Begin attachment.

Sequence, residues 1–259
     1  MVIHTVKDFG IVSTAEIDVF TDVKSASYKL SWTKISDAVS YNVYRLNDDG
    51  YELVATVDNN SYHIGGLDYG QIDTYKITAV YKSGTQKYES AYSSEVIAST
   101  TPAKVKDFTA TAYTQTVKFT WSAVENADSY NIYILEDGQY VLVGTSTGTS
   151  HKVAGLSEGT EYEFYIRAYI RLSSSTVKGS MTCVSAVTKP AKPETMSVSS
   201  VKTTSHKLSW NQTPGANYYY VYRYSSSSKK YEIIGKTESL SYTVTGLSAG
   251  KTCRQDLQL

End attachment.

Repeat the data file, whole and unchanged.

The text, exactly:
Sequence, residues 1–259
     1  MVIHTVKDFG IVSTAEIDVF TDVKSASYKL SWTKISDAVS YNVYRLNDDG
    51  YELVATVDNN SYHIGGLDYG QIDTYKITAV YKSGTQKYES AYSSEVIAST
   101  TPAKVKDFTA TAYTQTVKFT WSAVENADSY NIYILEDGQY VLVGTSTGTS
   151  HKVAGLSEGT EYEFYIRAYI RLSSSTVKGS MTCVSAVTKP AKPETMSVSS
   201  VKTTSHKLSW NQTPGANYYY VYRYSSSSKK YEIIGKTESL SYTVTGLSAG
   251  KTCRQDLQL